Thursday, June 14, 2012

I really like you

I'm at the Other Side with Abby, trying to decide whether I should leave school even though I don't want money to be the terms of my falling out with my father. Abby starts reading this rant about assimilation from some zine she found and it's hot – honey, are you sure that's from Boston? And then this boy Rafael who she knows from BAGLY leans over and says: that's bullshit.

I’m still strung out from coke, opium, pot, and ecstasy a few days ago, plus I'm getting over a cold and all I’ve had is wheatgrass juice and I'm waiting for the waiter to bring me food so I can write. Of course Rafael is wearing a red ribbon, but Abby was wearing a red ribbon when I met her at Glad Day, and she figured it out quick – or, maybe that ribbon is still there on the leather jacket she got at the mall when she first arrived in Boston, I haven't seen that jacket in a while because it's cold now. But anyway there's this random faggot yelling at us, so I say: it doesn't have any meaning except I'm sorry people are dying. And Rafael says: it only has meaning if you give it meaning. And I say: we’re saying the same thing – the red ribbon as a symbol has no meaning, it's what you actually do, right?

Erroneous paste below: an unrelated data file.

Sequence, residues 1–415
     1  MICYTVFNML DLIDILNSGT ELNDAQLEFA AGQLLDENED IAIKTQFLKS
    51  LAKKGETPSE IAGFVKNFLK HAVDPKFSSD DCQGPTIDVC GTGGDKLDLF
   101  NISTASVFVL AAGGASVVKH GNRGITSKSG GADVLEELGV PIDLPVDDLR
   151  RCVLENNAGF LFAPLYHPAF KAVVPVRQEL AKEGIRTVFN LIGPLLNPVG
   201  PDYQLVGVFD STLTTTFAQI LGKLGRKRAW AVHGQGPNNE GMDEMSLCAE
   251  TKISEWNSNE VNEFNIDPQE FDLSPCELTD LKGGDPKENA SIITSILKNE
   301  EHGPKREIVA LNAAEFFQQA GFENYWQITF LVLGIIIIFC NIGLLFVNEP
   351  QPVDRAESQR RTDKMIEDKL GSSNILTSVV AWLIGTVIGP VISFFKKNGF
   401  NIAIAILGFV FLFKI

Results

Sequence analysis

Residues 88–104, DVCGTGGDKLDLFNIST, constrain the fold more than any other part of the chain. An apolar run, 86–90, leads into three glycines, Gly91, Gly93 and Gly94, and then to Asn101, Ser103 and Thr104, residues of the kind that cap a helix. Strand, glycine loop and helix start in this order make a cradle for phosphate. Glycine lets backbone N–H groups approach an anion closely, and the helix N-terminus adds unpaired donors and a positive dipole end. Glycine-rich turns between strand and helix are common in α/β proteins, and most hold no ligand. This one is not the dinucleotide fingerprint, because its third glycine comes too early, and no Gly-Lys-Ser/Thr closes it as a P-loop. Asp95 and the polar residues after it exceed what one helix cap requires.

And that's when he starts screaming at me, saying: Listen I like men if I wanted a girl I’d get a real one – if I wanted a woman I'd have sex with a woman. And: I'm HIV-positive and Latino, and I like the suburbs, what is wrong with the suburbs? If I want to move to the suburbs, I’ll move to the suburbs – I don't want to live all my life in a ghetto. I grew up in the suburbs. We all act the way we’re brought up and so, what's wrong with that? There's no way to fight your parents, they're the people who made you – the way you’re brought up is the way you're going to be.

And I say: We’re brought up to hate ourselves, and we can go beyond that. And he just keeps saying: I'm not a girl – if I wanted a girl, I'd sleep with a girl. And: I like the suburbs, I want to live in the suburbs, what is wrong with the suburbs? And then: I’d hate to see what they say about blacks.

And I say what? And he says: the people who wrote that. And I say I think they’d have pretty good race politics, their problem would probably be glorification. And Rafael looks at me like he's going to spit in my face, walks off like we're mortal enemies. And I'm thinking I need food I need food I need food and friends, I'm lonely and too dependent on Abby, Sean and Billy and drugs but I've only been in Boston a month and Abby just found this great zine, so at least there's someone here, and did the man behind me really just say, to the woman with him: I have to confess something, I've never given flowers to someone I don't know before, but I really like you, you remind me of my sister.

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